NASHVILLE — Marcus Mariota’s benching for Week 7 against the Los Angeles Chargers felt like an inevitability after last Sunday’s 16-0 loss at Denver. A four-year (plus six games) reign as the quarterback for the Tennessee Titans, in all likelihood, has come to an end.

Wednesday at Saint Thomas Sports Park after the news was made official felt a bit morbid. The mood was that of remembering someone whose life had been lost. Nothing that happened with the Titans and Mariota is anywhere close to that severe, obviously. But, there was still something unnatural, though, about watching new signal-caller Ryan Tannehill, whom the team traded for this offseason as an insurance policy, take snaps with the ones at practice Wednesday.

But will anyone else besides the team’s offensive line take ownership of the blame?

Three consecutive winning seasons is something no other quarterback had accomplished in Tennessee. Certainly, no one else drafted or brought in by the team within the last decade had anywhere close to the success. Mariota helped guide the Titans into the 2017 playoffs and facilitated the upset of a substantially better Chiefs team on the road. Surprising victories over both the then-defending Super Bowl champion Philadelphia Eagles and beating up on a visiting New England Patriots team were some of his finest work.

There are also pitfalls to the Heisman winner, of course, that necessitated a change.

Sep 8, 2019; Cleveland, OH, USA; Tennessee Titans quarterback Marcus Mariota (8) congratulates running back Derrick Henry (22) on his touchdown run against the Cleveland Browns during the second quarter at FirstEnergy Stadium. Mandatory Credit: Scott R. Galvin-USA TODAY Sports.

Inexplicable inaccuracy from one game to the next and inconsistency damned Mariota. A revolving door at offensive coordinator (one for each year of his professional career) topped by injuries that robbed him of fundamental development contributed. A supporting cast early on in his career that could barely populate an AAF roster hindered him, as well, through no fault of his own.

Mariota’s career will be viewed as a disappointment by most, especially in the way that it ended.

“We’re trying to get a little spark,” coach Mike Vrabel said. “I’m trying to evaluate what we’re doing and how we’re functioning as an offense. I wanted to give (Tannehill) some time with Taylor (Lewan), and kind of Nate’s (Davis) progression and kind of what we’re doing. It just felt like now was the time. Sitting at that game, sitting where I was, made the decision during the game, and then just was able to think about it, evaluate and move forward and make a decision to try to spark the offense, to try to do something to get us going, to score some points and to help us win.”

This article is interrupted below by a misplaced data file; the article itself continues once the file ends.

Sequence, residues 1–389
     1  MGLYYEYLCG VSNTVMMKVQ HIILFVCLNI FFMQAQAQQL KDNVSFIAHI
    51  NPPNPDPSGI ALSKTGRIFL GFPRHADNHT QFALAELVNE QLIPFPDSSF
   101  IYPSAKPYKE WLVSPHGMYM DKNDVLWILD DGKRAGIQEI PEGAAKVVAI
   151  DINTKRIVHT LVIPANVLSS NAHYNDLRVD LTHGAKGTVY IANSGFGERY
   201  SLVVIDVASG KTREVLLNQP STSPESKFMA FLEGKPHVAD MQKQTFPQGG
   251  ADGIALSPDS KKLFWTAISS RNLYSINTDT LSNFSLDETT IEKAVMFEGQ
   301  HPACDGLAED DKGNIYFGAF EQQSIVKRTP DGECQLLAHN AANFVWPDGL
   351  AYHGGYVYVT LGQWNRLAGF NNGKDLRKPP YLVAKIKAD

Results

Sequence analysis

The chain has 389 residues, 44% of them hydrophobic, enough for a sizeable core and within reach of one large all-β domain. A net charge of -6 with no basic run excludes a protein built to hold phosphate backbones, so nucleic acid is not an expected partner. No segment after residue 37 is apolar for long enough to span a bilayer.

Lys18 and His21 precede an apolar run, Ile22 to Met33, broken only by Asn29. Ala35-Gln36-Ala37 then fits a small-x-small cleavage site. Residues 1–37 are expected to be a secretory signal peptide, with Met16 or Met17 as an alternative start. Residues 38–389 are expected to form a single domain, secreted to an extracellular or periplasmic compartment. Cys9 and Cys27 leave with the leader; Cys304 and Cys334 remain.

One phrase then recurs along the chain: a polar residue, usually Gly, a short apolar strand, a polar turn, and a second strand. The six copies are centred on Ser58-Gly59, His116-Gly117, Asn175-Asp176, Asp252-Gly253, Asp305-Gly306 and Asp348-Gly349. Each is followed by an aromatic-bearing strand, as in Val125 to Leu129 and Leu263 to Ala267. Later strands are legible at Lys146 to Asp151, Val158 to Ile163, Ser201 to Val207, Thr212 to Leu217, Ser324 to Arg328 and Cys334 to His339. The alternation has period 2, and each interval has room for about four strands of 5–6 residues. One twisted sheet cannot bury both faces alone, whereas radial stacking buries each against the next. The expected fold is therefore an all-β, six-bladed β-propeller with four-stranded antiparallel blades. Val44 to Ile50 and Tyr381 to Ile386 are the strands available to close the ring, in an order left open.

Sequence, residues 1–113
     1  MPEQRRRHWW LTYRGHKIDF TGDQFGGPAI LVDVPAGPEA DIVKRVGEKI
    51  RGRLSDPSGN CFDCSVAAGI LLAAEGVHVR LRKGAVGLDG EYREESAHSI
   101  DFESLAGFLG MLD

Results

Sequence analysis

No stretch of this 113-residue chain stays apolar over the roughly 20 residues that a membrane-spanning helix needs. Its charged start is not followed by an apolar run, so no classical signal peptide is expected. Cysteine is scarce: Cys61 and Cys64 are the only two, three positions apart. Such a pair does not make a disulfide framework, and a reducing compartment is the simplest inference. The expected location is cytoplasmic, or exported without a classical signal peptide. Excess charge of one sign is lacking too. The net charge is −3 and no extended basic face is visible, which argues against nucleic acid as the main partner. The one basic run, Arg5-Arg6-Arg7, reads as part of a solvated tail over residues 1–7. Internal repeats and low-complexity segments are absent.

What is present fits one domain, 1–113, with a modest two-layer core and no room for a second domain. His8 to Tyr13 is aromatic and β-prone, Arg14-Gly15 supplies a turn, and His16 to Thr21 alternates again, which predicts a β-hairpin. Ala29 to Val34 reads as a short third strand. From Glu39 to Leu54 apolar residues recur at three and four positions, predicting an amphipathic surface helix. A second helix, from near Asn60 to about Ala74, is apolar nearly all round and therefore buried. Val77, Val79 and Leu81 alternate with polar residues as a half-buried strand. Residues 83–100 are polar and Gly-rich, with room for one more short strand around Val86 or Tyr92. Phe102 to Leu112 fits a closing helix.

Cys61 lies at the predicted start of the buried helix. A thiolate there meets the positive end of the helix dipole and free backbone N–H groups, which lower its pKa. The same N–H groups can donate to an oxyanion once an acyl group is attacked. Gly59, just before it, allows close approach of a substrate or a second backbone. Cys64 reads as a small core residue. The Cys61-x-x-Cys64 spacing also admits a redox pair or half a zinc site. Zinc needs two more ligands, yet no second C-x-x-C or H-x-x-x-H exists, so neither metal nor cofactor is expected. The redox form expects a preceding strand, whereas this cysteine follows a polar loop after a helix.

Mariota sparked Tennessee in a way many before him failed to do. The spark, though, never came to full ignition.

Quarterback failure demanded the opportunity to let Tannehill either succeed or flounder with the same cast. The franchise that drafted Mariota shoulders just as much blame; both things can be so. Speaking to the man whose hire was supposed to maintain some semblance of consistency, first-year offensive coordinator and long-time Titans staffer Arthur Smith, there was an odd tiptoeing around the subject. Accountability is constantly preached at Saint Thomas Sports Park from general manager Jon Robinson, to Vrabel and on down the line.

But to acknowledge Mariota’s failure in any way would be to acknowledge the failures of this staff, the ones that came before it and the organization as a whole. Complimenting the character of the player fails to cover up the direct correlation to the negligence, incompetence and insufficiency of those who were tasked with helping him.

“Until the day that I die, I’m going to believe I gave it all I got. No matter what, I can learn and grow from this situation. This isn’t going to bring me down. This isn’t going to end my career,” Mariota said. “I had an opportunity to play but I didn’t make the most of it. I am going to learn and grow from it.”

So, how should Mariota be remembered?

While he may never again lead Tennessee’s offense out on Sundays, Marcus Mariota’s efforts to breathe new life into a franchise that was drowning in irrelevancy should never be forgotten. The unfulfilled promises of those who were supposed to help him certainly will not be.

Featured Image: Christopher Hanewinckel-USA TODAY Sports.

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